Why does the speaker in Lycidas want many flowers from the valley?

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In Lycidas, the speaker calls for an abundance of flowers from the valley to decorate the memorial of the dead Lycidas and pay him honor with their beauty.

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In John Milton's pastoral elegy Lycidas, the speaker is mourning for the title character, his best friend and fellow poet and shepherd, Lycidas, who has drowned. The speaker begins with the announcement that Lycidas is dead and must be mourned by all the shepherds and spirits, nymphs, and muses. The speaker then recalls the happy days when he and Lycidas roamed the hills, singing and caring for their flocks together.

But these days are over. Lycidas will never return, and the woods and caves echo with mourning. Even the trees mourn for Lycidas. The speaker asks the Nymphs why they could not have saved him, but he recalls that the Muse could not even save Orpheus. Phoebus, the sun, reminds him, though, that Lycidas's fame will live on and spread. Other beings join in the speaker's mourning.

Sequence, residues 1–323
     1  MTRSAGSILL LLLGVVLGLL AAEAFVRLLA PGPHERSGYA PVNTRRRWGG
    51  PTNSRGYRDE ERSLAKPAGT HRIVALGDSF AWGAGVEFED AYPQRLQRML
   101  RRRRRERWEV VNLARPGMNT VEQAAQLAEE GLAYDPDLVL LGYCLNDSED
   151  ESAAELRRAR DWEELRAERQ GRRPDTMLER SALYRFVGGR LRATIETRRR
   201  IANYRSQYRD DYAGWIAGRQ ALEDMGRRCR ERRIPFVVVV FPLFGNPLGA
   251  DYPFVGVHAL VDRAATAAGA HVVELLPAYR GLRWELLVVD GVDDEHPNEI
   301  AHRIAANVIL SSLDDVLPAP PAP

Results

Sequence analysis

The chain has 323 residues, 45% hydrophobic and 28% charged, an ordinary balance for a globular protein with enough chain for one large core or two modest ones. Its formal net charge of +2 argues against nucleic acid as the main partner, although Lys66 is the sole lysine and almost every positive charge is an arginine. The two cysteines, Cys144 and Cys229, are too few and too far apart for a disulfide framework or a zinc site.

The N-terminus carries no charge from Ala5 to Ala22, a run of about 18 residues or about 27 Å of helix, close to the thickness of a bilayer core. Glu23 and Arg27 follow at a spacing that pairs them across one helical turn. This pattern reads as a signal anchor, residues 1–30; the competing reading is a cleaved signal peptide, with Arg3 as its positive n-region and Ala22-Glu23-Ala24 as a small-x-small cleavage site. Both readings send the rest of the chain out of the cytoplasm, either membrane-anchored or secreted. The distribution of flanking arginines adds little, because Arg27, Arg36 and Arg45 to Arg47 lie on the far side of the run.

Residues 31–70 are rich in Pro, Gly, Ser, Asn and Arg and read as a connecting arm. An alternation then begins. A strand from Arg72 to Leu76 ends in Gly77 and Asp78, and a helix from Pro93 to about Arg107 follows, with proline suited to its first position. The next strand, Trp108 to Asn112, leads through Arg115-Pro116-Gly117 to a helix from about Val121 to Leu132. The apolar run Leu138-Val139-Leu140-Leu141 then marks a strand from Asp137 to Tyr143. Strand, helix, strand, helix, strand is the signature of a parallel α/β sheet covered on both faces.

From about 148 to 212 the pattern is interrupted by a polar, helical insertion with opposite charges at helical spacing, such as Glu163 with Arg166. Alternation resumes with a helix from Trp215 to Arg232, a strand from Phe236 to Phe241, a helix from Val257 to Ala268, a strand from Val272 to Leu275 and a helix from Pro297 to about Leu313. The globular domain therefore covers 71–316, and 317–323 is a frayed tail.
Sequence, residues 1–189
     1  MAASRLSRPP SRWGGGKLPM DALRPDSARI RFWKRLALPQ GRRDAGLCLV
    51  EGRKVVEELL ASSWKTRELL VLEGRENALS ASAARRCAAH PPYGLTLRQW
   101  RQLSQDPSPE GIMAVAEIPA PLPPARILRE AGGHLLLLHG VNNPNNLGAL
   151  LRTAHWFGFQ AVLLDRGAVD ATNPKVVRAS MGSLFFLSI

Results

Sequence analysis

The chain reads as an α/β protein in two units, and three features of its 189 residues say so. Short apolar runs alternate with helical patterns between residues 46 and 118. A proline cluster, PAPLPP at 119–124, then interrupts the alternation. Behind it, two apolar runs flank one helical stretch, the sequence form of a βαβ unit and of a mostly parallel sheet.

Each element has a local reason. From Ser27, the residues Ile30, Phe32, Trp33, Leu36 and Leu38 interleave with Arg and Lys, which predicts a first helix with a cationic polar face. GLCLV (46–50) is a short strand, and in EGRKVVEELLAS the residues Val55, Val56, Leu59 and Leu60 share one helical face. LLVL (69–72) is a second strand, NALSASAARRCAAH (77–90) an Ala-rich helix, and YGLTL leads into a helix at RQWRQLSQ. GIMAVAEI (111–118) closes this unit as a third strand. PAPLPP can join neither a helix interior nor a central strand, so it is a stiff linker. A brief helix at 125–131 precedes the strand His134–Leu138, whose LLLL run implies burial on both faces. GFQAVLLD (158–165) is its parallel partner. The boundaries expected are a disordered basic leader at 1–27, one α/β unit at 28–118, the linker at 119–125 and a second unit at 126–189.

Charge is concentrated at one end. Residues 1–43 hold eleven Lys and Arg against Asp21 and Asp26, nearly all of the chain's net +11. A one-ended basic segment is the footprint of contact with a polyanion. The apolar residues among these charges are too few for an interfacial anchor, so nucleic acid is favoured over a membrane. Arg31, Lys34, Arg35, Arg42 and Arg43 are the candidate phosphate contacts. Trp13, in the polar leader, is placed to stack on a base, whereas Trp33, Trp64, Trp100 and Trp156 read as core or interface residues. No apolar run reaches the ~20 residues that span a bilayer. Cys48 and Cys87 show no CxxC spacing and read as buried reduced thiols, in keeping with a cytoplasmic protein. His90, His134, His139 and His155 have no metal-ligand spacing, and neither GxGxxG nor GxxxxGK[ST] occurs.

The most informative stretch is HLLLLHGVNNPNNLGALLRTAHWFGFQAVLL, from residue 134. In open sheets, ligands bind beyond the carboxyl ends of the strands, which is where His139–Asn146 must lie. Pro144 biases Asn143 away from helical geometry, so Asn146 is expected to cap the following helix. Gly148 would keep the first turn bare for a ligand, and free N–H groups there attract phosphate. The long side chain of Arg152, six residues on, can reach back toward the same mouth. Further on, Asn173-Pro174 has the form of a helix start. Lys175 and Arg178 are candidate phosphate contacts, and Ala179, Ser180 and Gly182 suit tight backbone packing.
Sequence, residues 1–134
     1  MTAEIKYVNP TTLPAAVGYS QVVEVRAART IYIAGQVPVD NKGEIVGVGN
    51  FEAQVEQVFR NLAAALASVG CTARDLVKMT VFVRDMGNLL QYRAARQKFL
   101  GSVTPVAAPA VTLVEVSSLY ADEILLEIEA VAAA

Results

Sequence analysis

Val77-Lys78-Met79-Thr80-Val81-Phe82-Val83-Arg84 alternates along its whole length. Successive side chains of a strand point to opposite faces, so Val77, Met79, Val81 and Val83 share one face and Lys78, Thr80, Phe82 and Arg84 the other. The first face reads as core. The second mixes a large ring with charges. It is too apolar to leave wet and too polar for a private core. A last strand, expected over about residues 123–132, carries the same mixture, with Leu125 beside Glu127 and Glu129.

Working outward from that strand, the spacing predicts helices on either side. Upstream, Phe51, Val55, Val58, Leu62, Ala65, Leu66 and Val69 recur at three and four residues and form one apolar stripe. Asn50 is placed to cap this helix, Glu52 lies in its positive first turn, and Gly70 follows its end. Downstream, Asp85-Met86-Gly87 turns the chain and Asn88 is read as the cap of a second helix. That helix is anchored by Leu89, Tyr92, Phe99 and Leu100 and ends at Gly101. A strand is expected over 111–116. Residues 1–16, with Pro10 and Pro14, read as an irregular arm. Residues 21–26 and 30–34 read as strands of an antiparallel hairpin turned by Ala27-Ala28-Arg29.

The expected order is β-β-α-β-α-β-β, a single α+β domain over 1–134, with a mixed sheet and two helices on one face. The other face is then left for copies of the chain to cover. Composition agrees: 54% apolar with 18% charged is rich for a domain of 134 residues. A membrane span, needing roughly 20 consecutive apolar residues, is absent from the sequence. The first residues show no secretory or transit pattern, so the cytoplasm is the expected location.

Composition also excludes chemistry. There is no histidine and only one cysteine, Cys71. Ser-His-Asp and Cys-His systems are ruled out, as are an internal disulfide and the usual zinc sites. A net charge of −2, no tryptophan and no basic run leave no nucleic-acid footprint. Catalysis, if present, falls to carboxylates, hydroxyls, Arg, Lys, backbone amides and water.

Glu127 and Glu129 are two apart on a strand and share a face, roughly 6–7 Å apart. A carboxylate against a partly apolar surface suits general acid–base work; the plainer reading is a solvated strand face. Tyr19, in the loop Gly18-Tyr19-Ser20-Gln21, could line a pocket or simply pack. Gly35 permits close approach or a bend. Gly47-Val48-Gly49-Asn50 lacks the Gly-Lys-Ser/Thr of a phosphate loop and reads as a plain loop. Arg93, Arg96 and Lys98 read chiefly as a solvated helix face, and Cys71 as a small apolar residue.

Then the speaker calls for flowers. The vales are to cast forth “their bells and flow'rets of a thousand hues,” flowers of all different kinds and colors, everything from jessamine to violets to cowslips. These flowers will adorn “the laureate hearse where Lycid lies.” They are to honor his memorial even though his body is not really there, for the sea has taken and hidden it. Yet the flowers will pay tribute to Lycidas the poet-shepherd and perhaps comfort his mourners with their beauty.

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